My sincere apologies to our fans who have already made arrangements to attend these shows. The removal of the shows from our schedule is a major disappointment. It has always been my wish to inspire people with BOSTON’s music. Hopefully the sacrifices we are all making here will inspire people to do the right thing in the future. We look forward to the day that the state government of North Carolina will come to its senses and treat ALL individuals with equal freedom in their pursuit of happiness here in the United States.

~ Tom Scholz

Other artists like Cyndi Lauper, Gregg Allman, Jimmy Buffett, and Mumford & Sons have publicly condemned the bill but decided not to cancel their North Carolina shows. Against Me! frontwoman Laura Jane Grace, who came out as transgender in 2012, will be playing North Carolina next month as an act of protest.

UPDATE: At Pearl Jam’s show in Hampton, Virginia last night, a few hours after they announced the cancellation, Eddie Vedder delivered a speech explaining the decision. “We thought we could take the money and give it to them and still play the show, but the reality is there is nothing like the immense power of boycotting and putting a strain,” Vedder said. “And it’s a shame because people are going to affected that don’t deserve it but it could be the way that ultimately is gonna affect change, so again, we just couldn’t find it in ourselves in good conscience to cross a picket line when there was a movement.” Watch or read a full transcript below via Rolling Stone.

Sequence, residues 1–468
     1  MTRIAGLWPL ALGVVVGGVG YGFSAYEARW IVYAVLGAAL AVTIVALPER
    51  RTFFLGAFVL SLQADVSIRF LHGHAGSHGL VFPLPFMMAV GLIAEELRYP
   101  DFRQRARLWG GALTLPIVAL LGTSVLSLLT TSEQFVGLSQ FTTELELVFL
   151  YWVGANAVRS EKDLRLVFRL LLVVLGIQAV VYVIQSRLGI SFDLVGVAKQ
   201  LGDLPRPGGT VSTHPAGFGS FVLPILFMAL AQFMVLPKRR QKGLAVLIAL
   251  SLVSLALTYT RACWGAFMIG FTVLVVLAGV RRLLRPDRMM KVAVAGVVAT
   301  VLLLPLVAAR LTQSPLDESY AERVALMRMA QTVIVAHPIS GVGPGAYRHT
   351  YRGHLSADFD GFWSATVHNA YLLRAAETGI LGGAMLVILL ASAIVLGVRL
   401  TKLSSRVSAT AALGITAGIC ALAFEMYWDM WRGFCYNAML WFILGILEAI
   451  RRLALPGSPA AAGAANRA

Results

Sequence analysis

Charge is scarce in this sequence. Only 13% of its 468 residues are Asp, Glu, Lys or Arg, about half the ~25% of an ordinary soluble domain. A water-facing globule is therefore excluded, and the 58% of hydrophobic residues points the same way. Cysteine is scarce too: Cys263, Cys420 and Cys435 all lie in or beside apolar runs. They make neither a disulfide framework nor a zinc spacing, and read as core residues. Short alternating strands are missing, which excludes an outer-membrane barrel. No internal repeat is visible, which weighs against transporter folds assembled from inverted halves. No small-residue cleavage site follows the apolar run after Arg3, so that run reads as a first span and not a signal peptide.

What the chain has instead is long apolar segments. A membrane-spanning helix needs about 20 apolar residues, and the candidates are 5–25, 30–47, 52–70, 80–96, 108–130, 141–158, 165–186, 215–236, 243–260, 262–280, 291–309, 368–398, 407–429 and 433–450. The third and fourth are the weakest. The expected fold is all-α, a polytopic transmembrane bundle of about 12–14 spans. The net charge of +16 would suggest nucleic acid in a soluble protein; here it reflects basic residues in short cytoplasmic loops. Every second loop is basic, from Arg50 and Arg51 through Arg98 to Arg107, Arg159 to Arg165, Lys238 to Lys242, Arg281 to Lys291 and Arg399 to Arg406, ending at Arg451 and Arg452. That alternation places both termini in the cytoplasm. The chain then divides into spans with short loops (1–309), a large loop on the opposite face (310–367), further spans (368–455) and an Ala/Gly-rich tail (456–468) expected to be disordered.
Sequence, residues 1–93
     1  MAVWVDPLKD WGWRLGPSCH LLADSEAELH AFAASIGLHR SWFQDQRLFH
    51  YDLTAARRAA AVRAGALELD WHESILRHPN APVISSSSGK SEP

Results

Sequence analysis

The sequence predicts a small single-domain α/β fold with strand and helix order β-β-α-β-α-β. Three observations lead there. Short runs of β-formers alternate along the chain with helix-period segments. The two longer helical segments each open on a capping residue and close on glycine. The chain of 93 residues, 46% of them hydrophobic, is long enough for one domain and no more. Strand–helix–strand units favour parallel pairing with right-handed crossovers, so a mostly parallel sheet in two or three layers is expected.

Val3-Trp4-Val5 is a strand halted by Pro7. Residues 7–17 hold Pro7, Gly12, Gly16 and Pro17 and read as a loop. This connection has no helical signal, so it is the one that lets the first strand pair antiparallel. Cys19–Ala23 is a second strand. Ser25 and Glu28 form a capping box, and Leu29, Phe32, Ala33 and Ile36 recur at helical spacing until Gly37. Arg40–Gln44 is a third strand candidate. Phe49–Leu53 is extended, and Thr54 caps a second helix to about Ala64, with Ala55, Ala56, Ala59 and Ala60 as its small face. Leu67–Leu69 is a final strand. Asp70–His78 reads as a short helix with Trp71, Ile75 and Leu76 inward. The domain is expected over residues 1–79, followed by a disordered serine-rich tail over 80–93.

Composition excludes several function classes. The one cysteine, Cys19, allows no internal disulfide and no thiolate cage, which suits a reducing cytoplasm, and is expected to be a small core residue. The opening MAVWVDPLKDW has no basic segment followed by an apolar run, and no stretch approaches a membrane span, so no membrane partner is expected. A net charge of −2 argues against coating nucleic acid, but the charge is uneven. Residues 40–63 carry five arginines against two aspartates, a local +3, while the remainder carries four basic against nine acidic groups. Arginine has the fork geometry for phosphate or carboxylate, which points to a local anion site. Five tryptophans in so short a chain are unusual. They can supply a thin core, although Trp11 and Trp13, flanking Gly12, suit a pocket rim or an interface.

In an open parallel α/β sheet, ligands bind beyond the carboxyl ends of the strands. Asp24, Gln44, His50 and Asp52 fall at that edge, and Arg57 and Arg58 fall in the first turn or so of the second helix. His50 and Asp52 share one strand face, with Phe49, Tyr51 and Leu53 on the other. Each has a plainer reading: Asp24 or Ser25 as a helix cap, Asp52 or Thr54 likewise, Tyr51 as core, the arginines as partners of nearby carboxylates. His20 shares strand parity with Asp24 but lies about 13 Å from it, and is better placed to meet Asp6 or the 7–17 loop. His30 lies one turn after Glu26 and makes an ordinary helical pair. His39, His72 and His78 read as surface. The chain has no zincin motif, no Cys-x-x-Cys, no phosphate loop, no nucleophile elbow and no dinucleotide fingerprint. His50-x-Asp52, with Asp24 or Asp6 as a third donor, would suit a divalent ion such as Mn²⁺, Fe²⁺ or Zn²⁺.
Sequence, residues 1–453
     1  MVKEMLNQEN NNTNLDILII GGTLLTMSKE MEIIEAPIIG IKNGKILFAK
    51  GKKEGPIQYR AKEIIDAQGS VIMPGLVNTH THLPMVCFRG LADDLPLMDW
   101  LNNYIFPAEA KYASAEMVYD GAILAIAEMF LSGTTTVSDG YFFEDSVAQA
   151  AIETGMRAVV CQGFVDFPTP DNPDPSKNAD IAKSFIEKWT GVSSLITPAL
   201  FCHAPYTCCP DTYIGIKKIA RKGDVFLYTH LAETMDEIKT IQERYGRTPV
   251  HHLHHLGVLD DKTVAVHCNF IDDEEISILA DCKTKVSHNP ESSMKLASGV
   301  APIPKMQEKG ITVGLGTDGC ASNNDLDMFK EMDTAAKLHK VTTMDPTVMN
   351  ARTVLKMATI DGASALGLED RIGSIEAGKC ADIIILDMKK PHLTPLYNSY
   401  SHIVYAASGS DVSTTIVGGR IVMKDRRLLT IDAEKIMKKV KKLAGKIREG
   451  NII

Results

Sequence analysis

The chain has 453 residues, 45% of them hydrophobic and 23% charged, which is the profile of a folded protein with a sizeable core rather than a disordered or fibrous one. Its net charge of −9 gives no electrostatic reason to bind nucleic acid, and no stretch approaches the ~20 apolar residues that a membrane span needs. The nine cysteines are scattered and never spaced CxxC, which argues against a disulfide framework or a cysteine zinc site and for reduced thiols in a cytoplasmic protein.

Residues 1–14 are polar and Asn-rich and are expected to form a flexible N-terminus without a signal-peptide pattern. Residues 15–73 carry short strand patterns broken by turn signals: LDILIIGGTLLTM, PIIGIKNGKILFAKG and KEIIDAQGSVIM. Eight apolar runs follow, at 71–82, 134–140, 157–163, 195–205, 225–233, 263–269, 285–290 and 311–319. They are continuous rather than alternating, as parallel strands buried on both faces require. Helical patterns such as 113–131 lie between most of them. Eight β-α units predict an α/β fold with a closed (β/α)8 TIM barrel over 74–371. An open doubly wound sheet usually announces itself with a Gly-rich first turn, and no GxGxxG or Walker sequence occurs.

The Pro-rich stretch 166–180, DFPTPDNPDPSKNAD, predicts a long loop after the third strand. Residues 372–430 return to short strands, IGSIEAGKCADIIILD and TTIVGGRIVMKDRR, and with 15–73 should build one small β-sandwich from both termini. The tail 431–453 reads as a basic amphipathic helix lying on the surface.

We had to make a real tough call about what we would do about the situation in North Carolina. Because they have a law there that broadly discriminates against a whole group of people. And I can’t tell from here if you are booing North Carolina, if you’re booing us for having to decide that we are not gonna play there. I would understand that too.

It was a hard process because we thought we could still play and make things right and we could fortify all the people on the ground working to repeal this despicable law.

We thought we could take the money and give it to them and still play the show, but the reality is there is nothing like the immense power of boycotting and putting a strain and it’s a shame because people are going to affected that don’t deserve it but it could be the way that ultimately is gonna affect change, so again, we just couldn’t find it in ourselves in good conscience to cross a picket line when there was a movement so…

So we apologize to those in Raleigh, we apologize to those who are going to Raleigh, we apologize to the locals who probably believe in the same things that we do. They have a reason to be pissed, and we’re pissed off too. But we gotta be pissed off at the right people and get them to change their minds because they made a mistake, a big mistake and they can fix it.

So tonight we play this one for all the soldiers in the LGBT community.